Join with others to discuss God and/or the Biblical Doctrine of the Trinity (Godhead). Discuss the attributes and characteristics of God the Father, the Son, and the Holy Spirit.

Does the Doctrine of the Trinity Matter?

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    #76
    Did Jesus not say, not my will but yours be done? That proves he had a different will than the Father meaning he is NOT the same person.
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      #77
      I have debated quite a few people who deny the Lord Jesus is God but they always resort to changing how the words of the Bible are properly defined. The reason for this is because it refutes their false doctrine.
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        #78
        Originally posted by JacobP View Post
        Did Jesus not say, not my will but yours be done? That proves he had a different will than the Father meaning he is NOT the same person.
        It proves Modalism is false but it doesn't prove Trinitarianism is false.
        Let me make this clear: The Lord Jesus is not the same Person as the Father - but this doesn't prove the Lord Jesus is not God.
        See post #65.
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          #79
          Originally posted by JacobP View Post

          No. Do you agree the only way to get to God is through Jesus Christ? If you do, worshipping Jesus is the same as worshipping God since you have to go through him.
          The only way to God is through Jesus Christ and we can only come to Christ if we are drawn by the Holy Spirit so all three members of the Trinity are involved is salvation.

          Originally posted by JacobP View Post
          Do you know why the trinity doesn’t make sense in the human mind?
          Because our minds are finite and there are some things about God that are beyond our ability to understand.
          Clyde Herrin's Blog
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            #80
            Originally posted by JacobP View Post

            I don’t believe God is a triple headed being like a pagan dog god. The most High God is what you refer to as God. Jesus is his Created Son who was made sometime before the world was created, and the Holy Spirit is the spirit of the most High God that can emplaced on all of us. Jesus is MY God because the most High God has given him all authority. Don’t have all these guys rolling in knowing 2 words of wikihow claiming they know Greek telling you it speaks of a trinity.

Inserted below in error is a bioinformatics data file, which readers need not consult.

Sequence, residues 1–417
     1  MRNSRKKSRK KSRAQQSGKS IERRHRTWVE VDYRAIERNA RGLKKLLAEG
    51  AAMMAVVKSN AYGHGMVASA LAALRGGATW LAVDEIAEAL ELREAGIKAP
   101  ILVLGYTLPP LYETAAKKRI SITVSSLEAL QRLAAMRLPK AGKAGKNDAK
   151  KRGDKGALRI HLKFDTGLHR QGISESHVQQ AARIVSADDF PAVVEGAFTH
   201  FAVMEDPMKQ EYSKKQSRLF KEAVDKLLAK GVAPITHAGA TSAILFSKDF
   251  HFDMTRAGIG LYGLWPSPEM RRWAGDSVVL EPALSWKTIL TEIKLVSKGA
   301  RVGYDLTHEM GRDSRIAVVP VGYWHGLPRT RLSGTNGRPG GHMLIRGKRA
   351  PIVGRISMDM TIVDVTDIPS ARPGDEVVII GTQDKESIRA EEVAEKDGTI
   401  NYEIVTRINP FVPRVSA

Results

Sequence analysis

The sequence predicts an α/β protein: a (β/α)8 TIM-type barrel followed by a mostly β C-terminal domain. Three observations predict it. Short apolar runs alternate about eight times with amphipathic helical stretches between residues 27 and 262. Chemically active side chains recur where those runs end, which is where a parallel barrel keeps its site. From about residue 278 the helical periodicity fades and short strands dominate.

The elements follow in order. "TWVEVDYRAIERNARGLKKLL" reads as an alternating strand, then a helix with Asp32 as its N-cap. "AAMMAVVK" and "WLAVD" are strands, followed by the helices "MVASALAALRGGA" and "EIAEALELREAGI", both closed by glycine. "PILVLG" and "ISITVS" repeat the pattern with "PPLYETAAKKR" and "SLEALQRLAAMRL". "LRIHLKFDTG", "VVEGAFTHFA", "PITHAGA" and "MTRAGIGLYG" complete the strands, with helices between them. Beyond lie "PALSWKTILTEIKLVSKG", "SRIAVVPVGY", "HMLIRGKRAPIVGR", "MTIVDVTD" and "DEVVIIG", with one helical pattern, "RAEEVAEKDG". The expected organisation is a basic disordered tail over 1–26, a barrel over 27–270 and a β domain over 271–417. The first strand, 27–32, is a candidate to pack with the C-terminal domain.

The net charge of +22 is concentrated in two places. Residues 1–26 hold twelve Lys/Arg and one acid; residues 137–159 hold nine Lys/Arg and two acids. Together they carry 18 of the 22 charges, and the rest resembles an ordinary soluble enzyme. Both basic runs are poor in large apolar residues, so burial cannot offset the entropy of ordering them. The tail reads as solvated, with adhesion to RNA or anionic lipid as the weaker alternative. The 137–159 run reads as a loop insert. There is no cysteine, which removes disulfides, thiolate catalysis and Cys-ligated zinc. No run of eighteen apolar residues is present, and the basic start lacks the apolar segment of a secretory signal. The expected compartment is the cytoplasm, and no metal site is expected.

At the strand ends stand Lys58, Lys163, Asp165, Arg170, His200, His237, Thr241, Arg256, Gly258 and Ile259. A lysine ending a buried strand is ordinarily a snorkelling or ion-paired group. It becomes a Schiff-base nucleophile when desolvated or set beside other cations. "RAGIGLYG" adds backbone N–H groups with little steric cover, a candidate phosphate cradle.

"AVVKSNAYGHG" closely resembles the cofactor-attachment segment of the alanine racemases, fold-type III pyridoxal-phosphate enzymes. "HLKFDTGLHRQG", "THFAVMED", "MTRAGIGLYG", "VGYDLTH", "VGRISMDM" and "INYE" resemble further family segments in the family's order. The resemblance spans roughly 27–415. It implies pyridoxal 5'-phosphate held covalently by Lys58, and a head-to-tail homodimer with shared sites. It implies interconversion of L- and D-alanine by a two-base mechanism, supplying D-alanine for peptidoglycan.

God the Father the first person of the Trinity Psalm 145:8,9; 1 Corinthians 8:6; Gen. 1:1-31; Ephesians 3:9.

            God the Son, Jesus Christ the second person of the Trinity. He is coequal, consubstantial, and coeternal with the Father, John 10:30; 14;9 Jesus Christ in His incarnation, the eternally exiating secons person of the Trinity. Jesus has all the characteristics of humanity ans so became the God-man Philippians 2:5-8,; Colossians 2.29

            The Holy Spirit The third person of the Trinity is supernatural ans sovereign agent in regeneration, baptizing all believers into the body of Christ 1 Corinthians 2;10-13. The Holy Spirit also indwells, sanctifies, instructs, empowers us for service, and seals us unto the day of redemption Romans 8:9-11; 2 Corinthians 3:6; Ephesians 1:3.

            To ignore the clear evidence in Scripture that there is the Father, Jesus Christ, and the Holy Spirit, is to deny the truth of the Scripture.

            The nine religions that deny the Trinity are; Mormonism, Jehovah's witnesses, Christian Science, Armstrongism, Christadelphians, One Pentecostals, Unification Church, Unity School of Christianity, Scientology- Dianetics. So which religion do you most close belong to?

            I am interested in how you came to your understanding that there is no Trinity? Was it something yoy came to your own understanding? did you ever believe in the Trinity? Why do you think the RCC was the first to believe in the Trinity.

            Thanks for taking the time to dialogue about this.

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              #81
              Originally posted by JacobP View Post
              I don’t believe God is a triple headed being like a pagan dog god.
              Well, neither does any body else, such a view is not what Trinitarians believe. Actually, denying the doctrine of the Trinity puts one outside the bounds of historic Christianity, so you might want to revise your denomination to something like "Arian" since that would be more consistent with holding Jesus to be a created being.

              In this short excerpt, J.I. Packer does a nice job of briefly stating the doctrine of the Trinity and why it is both true and biblical:

              TRINITY

              GOD IS ONE AND THREE